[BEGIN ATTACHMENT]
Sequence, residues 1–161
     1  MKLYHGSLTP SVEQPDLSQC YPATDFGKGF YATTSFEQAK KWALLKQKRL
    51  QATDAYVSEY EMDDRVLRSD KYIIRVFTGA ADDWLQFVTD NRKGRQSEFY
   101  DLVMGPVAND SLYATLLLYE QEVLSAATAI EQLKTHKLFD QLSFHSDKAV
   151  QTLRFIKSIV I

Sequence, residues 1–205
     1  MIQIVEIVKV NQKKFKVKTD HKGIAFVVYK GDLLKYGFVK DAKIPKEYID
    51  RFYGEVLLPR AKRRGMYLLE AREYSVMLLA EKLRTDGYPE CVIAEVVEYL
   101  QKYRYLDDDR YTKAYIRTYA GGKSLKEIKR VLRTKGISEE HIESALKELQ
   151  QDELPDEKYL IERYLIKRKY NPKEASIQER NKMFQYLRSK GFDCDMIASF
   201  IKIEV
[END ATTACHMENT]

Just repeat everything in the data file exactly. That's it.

Sequence, residues 1–161
     1  MKLYHGSLTP SVEQPDLSQC YPATDFGKGF YATTSFEQAK KWALLKQKRL
    51  QATDAYVSEY EMDDRVLRSD KYIIRVFTGA ADDWLQFVTD NRKGRQSEFY
   101  DLVMGPVAND SLYATLLLYE QEVLSAATAI EQLKTHKLFD QLSFHSDKAV
   151  QTLRFIKSIV I

Sequence, residues 1–205
     1  MIQIVEIVKV NQKKFKVKTD HKGIAFVVYK GDLLKYGFVK DAKIPKEYID
    51  RFYGEVLLPR AKRRGMYLLE AREYSVMLLA EKLRTDGYPE CVIAEVVEYL
   101  QKYRYLDDDR YTKAYIRTYA GGKSLKEIKR VLRTKGISEE HIESALKELQ
   151  QDELPDEKYL IERYLIKRKY NPKEASIQER NKMFQYLRSK GFDCDMIASF
   201  IKIEV